If there is one thing that the current pandemic of COVID-19 shows us, it is that the world is more connected than we feared.
We think that the modern world is isolated by social networks and technology, but the surprising rapidity of international contagion seems to say just the opposite: that a storm somewhere else in the world can rapidly affect multiple and many countries. It seems that we are still very close to each other.
One strange side-effect has come home to me today. I went searching for webcams for my personal use and potentially to use at work. I work as a building caretaker for a large church with multiple buildings and a 500-seat auditorium. Waypoint Church – check them out, they are awesome! As travel restrictions come into play the core team are thinking of recording videos and sending links via email to church members. I think we should look at doing live streaming and webcasting. However, even Amazon was short of supply on webcams!
As we discuss this it brought into play the digital generations. We commented that some church members don’t have email addresses, some don’t use specific social media platforms, and some don’t even have computers! While most will have mobile phones even this cannot be assumed for the very oldest and vulnerable. Part of the crisis means that schools are looking at using webcams to delivery lessons to their pupils and of course this has created a run on the supply of cheap, sensible webcams such as the Logitech C270 or C920.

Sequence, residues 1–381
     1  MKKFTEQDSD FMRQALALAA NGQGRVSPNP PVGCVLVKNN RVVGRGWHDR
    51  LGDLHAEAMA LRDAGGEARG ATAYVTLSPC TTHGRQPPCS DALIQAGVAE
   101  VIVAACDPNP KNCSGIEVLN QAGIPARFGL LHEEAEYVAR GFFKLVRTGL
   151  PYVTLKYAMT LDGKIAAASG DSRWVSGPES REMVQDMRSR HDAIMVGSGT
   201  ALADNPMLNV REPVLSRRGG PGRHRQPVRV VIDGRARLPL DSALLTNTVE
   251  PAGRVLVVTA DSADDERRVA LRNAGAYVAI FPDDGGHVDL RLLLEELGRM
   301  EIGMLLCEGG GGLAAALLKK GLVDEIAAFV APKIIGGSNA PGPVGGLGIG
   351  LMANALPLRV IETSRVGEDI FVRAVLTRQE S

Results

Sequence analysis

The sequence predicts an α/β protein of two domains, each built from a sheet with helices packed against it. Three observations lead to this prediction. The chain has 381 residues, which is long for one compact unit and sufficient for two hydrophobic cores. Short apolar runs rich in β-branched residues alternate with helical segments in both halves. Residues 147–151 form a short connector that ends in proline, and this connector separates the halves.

While I’m replete with webcams of all types (having used them previously for monitoring 3D printers and the like) the shortage does show the results of unintended consequences. The government announces school closures, and sales of webcams, or cheese, or blankets goes through the roof. Strange times, strange times indeed!